Identifying a need
After a series of police suicides from 1996 to 1998, community leaders in New Jersey believed that law enforcement professionals needed a confidential, safe outlet where they could talk to peers who could understand and provide support without judgment.
Implementing a solution
In 1998, the Department of Personnel, mandated by P.L. 1998, c. 149, established a statewide “law enforcement officer crisis intervention services” hotline. In 2000, the Department of Personnel contracted with Rutgers University Behavioral Health Care (UBHC) to provide crisis intervention services to the law enforcement community. As a result, RBHS developed the COP2COP program, which is the first program of its kind in the nation to focus on suicide prevention and mental health support for law enforcement officers. The program is supported by the Body Armor Replacement Fund.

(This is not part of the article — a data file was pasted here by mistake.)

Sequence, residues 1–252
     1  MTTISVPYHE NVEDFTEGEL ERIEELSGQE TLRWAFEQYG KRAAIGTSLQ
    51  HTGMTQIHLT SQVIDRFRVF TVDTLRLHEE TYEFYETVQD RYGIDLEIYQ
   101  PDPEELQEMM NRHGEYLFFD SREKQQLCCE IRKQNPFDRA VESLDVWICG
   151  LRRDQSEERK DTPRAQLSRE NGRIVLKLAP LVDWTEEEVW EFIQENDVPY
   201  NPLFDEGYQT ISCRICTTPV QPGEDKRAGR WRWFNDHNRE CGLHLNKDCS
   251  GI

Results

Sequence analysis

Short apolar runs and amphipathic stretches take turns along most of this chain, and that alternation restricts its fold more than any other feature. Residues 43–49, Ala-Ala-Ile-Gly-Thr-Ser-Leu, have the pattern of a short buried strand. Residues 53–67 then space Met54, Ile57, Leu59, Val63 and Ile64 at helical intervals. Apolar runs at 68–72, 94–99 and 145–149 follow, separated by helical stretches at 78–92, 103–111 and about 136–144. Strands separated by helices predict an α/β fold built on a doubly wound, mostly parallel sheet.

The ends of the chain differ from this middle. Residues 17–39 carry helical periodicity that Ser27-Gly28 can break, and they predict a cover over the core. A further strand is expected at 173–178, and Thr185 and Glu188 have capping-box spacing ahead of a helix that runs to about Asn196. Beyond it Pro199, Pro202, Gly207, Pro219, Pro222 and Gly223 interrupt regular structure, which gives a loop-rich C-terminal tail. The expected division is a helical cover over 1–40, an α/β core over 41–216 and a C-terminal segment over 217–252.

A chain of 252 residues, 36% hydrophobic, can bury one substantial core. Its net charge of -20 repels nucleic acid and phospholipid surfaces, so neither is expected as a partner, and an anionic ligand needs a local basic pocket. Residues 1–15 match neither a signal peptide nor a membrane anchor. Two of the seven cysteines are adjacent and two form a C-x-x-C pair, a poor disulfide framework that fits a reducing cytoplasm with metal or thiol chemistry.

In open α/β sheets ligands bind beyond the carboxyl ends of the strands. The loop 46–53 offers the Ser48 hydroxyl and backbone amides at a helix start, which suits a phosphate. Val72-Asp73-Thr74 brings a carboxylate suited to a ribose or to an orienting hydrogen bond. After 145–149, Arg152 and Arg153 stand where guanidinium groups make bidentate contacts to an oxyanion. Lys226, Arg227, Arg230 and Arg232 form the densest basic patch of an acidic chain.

Making a difference
This New Jersey law has helped COP2COP become an essential program for law enforcement officers, helping to avert more than 300 suicides in its nearly 20 years of existence. Though statistics have not been compiled nationally, most law enforcement experts believe the police suicide rate is higher than those of the general population, but because suicides among police officers are often reported as accidents or met with official silence, definitive numbers are hard to come by.